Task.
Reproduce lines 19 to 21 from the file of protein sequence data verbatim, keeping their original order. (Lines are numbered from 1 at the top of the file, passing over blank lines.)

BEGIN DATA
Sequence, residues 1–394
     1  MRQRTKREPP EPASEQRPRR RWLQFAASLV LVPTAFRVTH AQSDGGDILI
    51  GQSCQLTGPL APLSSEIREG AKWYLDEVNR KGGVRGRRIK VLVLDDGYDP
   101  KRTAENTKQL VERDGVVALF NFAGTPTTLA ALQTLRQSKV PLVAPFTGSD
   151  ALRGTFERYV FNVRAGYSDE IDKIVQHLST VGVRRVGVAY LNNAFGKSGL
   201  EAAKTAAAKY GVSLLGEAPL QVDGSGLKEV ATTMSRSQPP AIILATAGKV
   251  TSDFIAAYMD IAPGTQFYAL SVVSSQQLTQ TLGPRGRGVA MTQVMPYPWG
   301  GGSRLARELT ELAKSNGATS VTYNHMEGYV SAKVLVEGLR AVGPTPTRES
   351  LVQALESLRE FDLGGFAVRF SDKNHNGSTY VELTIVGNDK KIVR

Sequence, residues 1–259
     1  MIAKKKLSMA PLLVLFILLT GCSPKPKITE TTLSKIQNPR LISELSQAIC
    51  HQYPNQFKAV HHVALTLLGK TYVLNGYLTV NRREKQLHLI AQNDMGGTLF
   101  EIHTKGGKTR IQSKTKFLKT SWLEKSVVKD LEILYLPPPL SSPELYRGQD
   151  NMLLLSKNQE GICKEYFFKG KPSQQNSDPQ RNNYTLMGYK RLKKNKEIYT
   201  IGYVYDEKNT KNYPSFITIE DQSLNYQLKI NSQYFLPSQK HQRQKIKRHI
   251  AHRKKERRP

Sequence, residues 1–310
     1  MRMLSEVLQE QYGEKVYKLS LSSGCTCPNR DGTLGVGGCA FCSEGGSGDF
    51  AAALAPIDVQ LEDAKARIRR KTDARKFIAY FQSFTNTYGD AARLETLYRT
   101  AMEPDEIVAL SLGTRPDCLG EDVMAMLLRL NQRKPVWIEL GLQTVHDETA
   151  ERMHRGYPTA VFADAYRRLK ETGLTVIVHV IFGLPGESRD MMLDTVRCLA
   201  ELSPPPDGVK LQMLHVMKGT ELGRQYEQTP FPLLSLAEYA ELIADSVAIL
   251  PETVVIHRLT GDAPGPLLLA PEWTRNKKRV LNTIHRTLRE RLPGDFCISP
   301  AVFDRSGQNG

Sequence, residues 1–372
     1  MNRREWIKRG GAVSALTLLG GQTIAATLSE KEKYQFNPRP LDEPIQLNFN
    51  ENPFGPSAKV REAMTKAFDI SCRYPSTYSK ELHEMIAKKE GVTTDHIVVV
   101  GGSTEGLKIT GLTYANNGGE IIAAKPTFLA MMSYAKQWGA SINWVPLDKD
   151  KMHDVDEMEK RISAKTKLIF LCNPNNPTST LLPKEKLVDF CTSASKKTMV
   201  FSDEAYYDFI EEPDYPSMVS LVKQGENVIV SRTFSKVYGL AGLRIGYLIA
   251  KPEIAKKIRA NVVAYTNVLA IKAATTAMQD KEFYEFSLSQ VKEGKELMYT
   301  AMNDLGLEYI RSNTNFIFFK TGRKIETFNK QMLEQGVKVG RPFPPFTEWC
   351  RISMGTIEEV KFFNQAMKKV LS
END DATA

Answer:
    51  AAALAPIDVQ LEDAKARIRR KTDARKFIAY FQSFTNTYGD AARLETLYRT
   101  AMEPDEIVAL SLGTRPDCLG EDVMAMLLRL NQRKPVWIEL GLQTVHDETA
   151  ERMHRGYPTA VFADAYRRLK ETGLTVIVHV IFGLPGESRD MMLDTVRCLA